As Jeff puts it, “Optimizing a client’s site for conversion always starts for us with listening. We begin by implementing VWO heatmaps, clickmaps, and visitor recordings to see how people are using a site. Combined with analytics from tools such as Google Analytics and HubSpot, we’ll look for the pages that have the biggest opportunities for conversion optimization based on total number of visits and current conversion rates. Once we have a good understanding of how people are using those pages, we’ll implement a series of tests to see how best to improve the conversion rate. Sometimes this takes the form of simple changes to the body copy, button position and format. In other cases, it may mean making much larger bets and designing a wholly different, alternative landing page.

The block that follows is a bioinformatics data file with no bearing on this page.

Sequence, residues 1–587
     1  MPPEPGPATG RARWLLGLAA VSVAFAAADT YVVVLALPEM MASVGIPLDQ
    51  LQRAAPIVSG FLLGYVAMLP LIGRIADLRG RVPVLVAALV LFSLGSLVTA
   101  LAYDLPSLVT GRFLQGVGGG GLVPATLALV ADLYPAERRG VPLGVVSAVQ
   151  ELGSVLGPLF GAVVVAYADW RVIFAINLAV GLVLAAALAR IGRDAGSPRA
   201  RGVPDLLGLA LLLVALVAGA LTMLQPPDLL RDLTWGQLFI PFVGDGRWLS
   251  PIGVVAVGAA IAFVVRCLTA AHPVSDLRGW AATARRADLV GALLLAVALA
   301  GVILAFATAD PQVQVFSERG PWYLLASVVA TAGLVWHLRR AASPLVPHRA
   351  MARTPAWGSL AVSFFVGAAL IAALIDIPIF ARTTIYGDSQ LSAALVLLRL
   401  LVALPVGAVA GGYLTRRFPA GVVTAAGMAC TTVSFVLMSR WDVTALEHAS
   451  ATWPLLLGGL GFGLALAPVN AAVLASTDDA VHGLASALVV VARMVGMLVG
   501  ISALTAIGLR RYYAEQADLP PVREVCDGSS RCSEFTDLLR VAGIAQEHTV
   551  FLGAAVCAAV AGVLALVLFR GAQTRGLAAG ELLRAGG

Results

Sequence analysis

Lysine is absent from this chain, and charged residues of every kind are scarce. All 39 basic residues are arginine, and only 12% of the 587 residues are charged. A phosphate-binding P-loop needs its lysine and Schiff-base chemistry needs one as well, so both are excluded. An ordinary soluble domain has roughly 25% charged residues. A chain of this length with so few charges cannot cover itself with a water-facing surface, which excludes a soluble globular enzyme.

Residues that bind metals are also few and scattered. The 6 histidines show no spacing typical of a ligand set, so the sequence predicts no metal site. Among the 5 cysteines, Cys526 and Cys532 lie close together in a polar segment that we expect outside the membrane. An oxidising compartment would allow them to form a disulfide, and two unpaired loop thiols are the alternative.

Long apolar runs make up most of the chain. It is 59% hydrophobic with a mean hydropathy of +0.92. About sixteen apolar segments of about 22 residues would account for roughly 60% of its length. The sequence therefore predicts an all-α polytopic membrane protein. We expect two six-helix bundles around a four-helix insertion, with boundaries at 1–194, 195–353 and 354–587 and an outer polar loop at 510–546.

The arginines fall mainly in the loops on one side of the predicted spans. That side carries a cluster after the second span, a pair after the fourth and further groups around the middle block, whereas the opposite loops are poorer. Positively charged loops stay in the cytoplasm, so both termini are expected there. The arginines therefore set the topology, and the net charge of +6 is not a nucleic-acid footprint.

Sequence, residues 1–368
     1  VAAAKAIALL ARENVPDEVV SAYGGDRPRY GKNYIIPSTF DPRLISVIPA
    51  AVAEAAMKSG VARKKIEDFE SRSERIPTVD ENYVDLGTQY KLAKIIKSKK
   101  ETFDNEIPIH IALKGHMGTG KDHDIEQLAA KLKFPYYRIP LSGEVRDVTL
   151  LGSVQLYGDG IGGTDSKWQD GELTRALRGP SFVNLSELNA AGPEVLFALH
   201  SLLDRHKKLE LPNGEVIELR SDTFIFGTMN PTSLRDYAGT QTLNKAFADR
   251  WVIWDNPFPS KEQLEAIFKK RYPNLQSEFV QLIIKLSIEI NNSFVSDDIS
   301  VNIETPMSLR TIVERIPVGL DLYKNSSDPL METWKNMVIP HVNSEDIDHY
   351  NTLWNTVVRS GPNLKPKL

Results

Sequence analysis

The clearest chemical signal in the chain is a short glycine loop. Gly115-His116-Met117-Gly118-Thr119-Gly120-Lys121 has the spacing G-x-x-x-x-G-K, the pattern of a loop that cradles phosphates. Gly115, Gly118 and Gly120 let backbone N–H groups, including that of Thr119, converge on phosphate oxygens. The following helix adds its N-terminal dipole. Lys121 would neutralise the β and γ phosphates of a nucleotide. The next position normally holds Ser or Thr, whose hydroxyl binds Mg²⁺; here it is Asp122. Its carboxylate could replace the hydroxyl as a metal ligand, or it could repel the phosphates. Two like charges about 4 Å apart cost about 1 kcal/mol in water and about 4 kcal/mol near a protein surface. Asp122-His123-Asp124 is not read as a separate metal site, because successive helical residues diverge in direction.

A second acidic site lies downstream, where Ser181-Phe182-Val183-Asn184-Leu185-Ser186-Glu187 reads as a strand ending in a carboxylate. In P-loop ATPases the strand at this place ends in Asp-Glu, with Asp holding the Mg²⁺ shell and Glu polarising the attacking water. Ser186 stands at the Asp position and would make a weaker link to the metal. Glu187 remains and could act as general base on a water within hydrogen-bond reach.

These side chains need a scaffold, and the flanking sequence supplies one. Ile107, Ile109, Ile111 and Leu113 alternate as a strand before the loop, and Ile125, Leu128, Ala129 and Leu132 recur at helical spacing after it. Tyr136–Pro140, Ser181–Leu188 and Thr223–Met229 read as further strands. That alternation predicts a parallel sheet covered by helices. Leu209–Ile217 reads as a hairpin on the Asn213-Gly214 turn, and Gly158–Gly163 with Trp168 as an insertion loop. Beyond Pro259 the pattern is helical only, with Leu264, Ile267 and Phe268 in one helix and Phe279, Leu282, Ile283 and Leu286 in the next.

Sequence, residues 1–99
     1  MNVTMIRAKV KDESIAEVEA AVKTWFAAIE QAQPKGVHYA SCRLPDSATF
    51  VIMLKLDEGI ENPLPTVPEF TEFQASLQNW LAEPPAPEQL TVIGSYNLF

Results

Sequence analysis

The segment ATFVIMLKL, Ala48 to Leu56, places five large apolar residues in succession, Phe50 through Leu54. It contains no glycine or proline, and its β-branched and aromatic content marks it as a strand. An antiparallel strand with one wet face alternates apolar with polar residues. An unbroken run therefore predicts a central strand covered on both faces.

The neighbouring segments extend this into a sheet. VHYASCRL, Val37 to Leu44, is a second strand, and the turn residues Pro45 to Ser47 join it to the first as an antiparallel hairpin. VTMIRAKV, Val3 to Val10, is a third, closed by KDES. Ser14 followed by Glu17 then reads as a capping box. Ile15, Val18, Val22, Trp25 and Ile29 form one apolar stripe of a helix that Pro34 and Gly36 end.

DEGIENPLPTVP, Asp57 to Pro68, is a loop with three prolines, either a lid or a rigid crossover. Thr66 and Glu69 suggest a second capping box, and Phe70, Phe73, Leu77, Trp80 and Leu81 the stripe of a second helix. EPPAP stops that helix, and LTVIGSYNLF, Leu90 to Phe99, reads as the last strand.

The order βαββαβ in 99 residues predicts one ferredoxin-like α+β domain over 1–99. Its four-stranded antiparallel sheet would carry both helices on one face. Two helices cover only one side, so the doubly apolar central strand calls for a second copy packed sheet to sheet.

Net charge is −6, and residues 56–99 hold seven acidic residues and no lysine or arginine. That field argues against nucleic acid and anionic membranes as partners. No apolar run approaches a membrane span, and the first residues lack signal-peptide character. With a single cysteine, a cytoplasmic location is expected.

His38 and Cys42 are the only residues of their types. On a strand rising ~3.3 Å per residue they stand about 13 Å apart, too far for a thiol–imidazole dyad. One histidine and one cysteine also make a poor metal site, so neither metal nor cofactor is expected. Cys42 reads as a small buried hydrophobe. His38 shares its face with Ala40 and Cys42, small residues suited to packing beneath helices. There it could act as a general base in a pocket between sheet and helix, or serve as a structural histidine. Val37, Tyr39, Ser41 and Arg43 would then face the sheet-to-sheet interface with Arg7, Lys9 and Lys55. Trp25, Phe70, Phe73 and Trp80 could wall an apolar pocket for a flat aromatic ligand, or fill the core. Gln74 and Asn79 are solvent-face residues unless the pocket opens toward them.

After we’ve an opportunity to implement revisions on a client site, we’ll continue to monitor the results to see how site visitors interact and refine the interface to improve the user experience even further.”

Since 2014, Kula has been trusting VWO for its optimization strategy. It has been using new features as they come up to achieve better conversions for its client websites.

Step-by-Step Process-Oriented Approach to Conversion Optimization

Let’s talk about how Kula puts its well-defined process into practice.

cro-process1

Step1: Identifying Optimization Opportunities

The first step in optimizing a website for more conversions is to establish baselines. This means setting up key metrics or goals that clearly indicate visitor actions and conducting quantitative analysis around these goals. Visitor actions leading to completion of a final goal (such as Checkout in case of eCommerce) are tracked as funnels. The website conversion funnel is extremely effective in spotting leaks—pages from which most users drop off.